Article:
A second tip is to use surveys on your existing patient base. Start by going through your existing patient records and find about 50 of your “A-list” patients/clients. Do a demographic search of where your best patients/clients are from. Then write a survey for those patients/clients to find out:

  • what attracted them to your practice,
  • what keeps them coming back to your practice,
  • what they like the most about your practice and
  • which services, if any, they would like to receive from you that you don’t currently offer.

You can then use this information to target the greatest demographic area of your A-list patients/clients and use their survey answers as “hot buttons” in a marketing campaign targeted to generate more patients/clients who are similar to those A-list patients/clients.

This is called targeted marketing. It’s all about generating quality patients and clients, not just getting people to walk through the door. Quality patients keep their appointments, follow your treatment programs, pay their bills, spend more than their insurance allotment, etc. These are the kinds of patients/clients you want to generate for your practice.

If you can determine in which area your best patients/clients reside and what brought them to you in the first place, you can then design a marketing campaign to generate more of those types of patients and clients.

Don’t just guess at what you think will bring new patients/clients in the door. Find out what got your best patients/clients there and use that information to your advantage. “Know before you go” is the motto of all good marketing. You find out the “know” by surveying.

If you are an owner and would like free help on collecting past due accounts or any other management topic, fill out the form to your right, and we will be more than happy to assist you. Scroll to top

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If you are an owner and would like free help on collecting past due accounts or any other management topic, fill out the form below, and we will be more than happy to assist you.










12 Steps to Collect Past Due Accounts

Collecting on past due accounts is a function that the Accounts Manager will find herself/himself having to do. Any contact with a patient/client, even under these circumstances, should be kept on a friendly, professional and dignified basis. This will promote respect for the office and its business practices.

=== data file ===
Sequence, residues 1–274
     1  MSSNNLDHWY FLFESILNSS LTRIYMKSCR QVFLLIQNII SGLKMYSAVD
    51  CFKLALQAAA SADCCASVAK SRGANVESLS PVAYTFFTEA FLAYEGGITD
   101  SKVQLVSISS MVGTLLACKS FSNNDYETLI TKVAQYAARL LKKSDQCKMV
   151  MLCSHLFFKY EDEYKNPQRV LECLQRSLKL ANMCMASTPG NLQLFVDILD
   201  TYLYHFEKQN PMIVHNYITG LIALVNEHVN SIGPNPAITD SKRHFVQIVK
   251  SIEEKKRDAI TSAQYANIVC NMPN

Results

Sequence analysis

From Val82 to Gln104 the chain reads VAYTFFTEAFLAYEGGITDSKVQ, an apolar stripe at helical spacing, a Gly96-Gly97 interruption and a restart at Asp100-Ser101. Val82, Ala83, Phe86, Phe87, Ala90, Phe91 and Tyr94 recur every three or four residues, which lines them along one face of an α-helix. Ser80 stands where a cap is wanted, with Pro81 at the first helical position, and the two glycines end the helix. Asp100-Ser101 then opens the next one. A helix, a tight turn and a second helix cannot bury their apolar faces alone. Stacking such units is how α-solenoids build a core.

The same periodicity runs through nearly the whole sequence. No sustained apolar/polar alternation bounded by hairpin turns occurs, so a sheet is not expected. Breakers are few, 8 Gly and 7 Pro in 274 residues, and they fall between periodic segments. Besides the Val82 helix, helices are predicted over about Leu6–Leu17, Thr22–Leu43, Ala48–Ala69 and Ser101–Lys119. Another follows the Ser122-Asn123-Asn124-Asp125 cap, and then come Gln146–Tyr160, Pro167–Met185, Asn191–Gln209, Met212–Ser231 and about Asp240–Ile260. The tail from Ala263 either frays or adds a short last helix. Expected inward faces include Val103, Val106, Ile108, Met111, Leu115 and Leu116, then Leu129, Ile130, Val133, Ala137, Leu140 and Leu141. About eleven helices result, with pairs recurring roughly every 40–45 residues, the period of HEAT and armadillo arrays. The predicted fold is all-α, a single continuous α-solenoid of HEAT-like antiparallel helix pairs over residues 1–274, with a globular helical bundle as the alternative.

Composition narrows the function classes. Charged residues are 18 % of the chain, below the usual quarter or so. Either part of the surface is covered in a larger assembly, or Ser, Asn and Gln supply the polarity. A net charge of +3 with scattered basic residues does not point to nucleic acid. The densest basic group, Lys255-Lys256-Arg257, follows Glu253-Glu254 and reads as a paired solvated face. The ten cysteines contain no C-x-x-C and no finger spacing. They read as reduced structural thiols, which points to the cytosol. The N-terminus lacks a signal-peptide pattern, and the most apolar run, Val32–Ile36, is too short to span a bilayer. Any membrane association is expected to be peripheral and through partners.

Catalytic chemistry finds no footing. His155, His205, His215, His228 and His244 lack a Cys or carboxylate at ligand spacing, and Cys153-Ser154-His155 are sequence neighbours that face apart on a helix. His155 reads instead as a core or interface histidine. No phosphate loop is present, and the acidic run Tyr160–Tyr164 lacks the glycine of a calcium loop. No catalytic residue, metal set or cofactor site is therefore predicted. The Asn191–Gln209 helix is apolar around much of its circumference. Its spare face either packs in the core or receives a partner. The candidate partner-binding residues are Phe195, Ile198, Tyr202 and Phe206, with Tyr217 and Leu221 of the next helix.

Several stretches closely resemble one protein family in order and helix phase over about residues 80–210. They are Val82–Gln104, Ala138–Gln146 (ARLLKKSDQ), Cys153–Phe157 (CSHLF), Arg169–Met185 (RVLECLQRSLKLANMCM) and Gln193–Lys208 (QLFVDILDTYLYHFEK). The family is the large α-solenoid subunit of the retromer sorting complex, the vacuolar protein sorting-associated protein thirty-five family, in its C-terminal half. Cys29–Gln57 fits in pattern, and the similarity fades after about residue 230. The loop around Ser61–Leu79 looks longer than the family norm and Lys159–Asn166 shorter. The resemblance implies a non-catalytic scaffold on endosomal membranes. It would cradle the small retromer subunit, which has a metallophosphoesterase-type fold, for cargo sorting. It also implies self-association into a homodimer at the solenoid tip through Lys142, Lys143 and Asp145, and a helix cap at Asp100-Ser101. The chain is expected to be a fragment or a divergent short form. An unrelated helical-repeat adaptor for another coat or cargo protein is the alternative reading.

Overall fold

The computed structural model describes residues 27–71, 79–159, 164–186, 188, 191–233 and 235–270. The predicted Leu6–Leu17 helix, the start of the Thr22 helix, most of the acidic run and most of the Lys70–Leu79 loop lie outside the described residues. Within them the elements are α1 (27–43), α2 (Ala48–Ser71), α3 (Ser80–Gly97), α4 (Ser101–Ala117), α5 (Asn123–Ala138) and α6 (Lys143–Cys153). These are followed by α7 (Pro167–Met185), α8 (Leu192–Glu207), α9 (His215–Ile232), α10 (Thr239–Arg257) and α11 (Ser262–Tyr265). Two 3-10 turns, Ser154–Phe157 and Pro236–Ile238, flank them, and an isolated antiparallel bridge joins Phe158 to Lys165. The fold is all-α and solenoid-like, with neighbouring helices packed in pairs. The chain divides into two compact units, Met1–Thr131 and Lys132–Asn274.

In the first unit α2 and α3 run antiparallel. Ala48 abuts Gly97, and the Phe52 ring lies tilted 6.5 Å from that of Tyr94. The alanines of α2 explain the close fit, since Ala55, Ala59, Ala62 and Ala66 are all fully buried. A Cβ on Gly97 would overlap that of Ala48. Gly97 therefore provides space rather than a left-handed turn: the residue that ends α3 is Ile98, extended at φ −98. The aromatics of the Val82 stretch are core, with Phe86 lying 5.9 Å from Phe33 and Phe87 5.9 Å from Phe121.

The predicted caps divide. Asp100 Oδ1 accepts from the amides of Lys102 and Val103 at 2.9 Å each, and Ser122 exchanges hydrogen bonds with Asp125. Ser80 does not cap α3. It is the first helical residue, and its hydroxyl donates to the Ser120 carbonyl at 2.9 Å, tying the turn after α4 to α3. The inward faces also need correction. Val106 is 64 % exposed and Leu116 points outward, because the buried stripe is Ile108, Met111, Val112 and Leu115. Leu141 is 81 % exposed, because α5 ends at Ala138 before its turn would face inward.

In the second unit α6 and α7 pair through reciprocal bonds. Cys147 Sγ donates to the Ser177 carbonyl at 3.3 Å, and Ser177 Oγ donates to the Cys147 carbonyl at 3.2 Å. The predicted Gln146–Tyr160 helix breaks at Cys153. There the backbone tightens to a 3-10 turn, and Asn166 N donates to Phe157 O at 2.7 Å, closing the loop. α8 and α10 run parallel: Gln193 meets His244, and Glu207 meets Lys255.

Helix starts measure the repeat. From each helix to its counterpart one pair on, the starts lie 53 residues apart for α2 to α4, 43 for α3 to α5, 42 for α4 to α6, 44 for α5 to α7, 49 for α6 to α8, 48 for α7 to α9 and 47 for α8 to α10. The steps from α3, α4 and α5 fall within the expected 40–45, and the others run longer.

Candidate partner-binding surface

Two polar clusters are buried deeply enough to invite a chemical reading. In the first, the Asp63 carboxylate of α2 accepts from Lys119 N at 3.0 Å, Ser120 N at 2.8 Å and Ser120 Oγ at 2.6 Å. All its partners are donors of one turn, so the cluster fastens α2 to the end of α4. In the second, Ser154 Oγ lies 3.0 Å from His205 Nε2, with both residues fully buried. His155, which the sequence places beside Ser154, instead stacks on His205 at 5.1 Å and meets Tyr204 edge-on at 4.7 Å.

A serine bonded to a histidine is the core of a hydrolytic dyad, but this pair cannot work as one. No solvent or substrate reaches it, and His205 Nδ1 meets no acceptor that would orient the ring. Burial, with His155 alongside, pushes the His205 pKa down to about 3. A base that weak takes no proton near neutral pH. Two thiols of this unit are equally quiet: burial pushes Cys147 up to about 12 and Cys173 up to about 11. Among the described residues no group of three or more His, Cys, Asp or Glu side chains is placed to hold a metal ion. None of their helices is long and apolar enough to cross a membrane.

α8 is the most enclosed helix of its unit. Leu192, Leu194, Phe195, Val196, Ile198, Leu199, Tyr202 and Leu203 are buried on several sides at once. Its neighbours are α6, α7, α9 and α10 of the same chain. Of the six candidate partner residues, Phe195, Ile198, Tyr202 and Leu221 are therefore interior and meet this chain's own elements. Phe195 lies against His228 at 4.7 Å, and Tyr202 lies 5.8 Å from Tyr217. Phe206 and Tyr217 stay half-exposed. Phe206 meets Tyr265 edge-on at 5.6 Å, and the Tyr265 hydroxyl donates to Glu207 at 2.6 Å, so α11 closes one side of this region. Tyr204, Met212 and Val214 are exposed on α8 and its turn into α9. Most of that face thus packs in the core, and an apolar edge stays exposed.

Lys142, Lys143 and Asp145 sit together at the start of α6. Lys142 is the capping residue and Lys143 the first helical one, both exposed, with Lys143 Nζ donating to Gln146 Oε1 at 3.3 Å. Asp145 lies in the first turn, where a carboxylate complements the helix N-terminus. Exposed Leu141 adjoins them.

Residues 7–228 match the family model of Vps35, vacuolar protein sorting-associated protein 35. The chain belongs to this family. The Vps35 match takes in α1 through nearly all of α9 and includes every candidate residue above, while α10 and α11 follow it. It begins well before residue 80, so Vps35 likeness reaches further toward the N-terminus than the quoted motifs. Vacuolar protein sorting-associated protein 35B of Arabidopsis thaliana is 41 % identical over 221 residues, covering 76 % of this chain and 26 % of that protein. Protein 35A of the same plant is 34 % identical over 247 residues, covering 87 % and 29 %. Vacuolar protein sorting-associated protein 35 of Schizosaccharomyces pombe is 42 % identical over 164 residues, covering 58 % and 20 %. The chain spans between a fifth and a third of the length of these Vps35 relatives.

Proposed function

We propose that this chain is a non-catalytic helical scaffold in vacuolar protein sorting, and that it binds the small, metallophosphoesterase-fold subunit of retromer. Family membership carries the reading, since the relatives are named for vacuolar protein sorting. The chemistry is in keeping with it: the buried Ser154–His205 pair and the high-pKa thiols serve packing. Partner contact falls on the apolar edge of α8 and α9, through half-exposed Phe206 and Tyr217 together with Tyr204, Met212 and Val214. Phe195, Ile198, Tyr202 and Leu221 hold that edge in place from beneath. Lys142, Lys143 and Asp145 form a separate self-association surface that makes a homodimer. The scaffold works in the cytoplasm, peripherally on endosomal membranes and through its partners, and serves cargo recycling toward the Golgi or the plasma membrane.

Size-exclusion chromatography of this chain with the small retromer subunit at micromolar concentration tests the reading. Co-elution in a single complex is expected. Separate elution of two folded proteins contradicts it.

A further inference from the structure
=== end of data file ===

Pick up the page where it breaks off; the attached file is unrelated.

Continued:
Always remember the following points with regard to your patients/clients:

  • Most people have good intentions and want to cooperate with agreements that they have made.
  • Although a person’s account may be overdue, most people still have a good intention to take care of it.
  • Most people prioritize their bills and will first pay those that they feel are most pressing.
  • Most people with past due accounts will pay those bills where someone is actively requesting them to pay.

Bearing in mind the above, your role is to arrange to be one of the creditors that your patients/clients will not delay paying. The following points may be helpful in this regard:

  1. Bill promptly every month.
  2. Ensure that your bills are accurate.
  3. Ensure that you have the original signed financial agreement from your patient/client.
  4. Contact the patient/client as soon as you realize the account has become delinquent.
  5. When you speak with the patient/client, let them know that you believe that they are able to make payment.
  6. Let the patient/client know that you expect to be paid, and refresh their memory on the signed agreement.
  7. Allow the patient/client their self-respect; never back them into a corner, insult or badger the patient/client.
  8. Explain to the patient/client that you want to help him/her work it out so that they can maintain the agreement that they made with your office.
  9. Be prepared to offer some options to the patient/client that they may not have considered.
  10. Be willing to really communicate with the patient/client so that a true understanding and agreement can be reached.